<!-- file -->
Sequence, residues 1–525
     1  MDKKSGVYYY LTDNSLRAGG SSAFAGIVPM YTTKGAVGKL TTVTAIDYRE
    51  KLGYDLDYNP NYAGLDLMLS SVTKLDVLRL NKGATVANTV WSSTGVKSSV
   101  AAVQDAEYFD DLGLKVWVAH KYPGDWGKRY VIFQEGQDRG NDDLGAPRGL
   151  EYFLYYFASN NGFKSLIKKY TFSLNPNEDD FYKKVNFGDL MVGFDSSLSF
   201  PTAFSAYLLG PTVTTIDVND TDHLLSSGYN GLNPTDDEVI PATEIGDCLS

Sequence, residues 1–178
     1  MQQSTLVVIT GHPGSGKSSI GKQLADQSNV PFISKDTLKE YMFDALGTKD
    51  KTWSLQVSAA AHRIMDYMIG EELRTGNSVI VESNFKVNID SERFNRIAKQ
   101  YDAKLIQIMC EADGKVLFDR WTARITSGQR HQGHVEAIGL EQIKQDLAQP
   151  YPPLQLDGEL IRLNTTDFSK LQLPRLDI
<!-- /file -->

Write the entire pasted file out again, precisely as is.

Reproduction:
Sequence, residues 1–525
     1  MDKKSGVYYY LTDNSLRAGG SSAFAGIVPM YTTKGAVGKL TTVTAIDYRE
    51  KLGYDLDYNP NYAGLDLMLS SVTKLDVLRL NKGATVANTV WSSTGVKSSV
   101  AAVQDAEYFD DLGLKVWVAH KYPGDWGKRY VIFQEGQDRG NDDLGAPRGL
   151  EYFLYYFASN NGFKSLIKKY TFSLNPNEDD FYKKVNFGDL MVGFDSSLSF
   201  PTAFSAYLLG PTVTTIDVND TDHLLSSGYN GLNPTDDEVI PATEIGDCLS

Sequence, residues 1–178
     1  MQQSTLVVIT GHPGSGKSSI GKQLADQSNV PFISKDTLKE YMFDALGTKD
    51  KTWSLQVSAA AHRIMDYMIG EELRTGNSVI VESNFKVNID SERFNRIAKQ
   101  YDAKLIQIMC EADGKVLFDR WTARITSGQR HQGHVEAIGL EQIKQDLAQP
   151  YPPLQLDGEL IRLNTTDFSK LQLPRLDI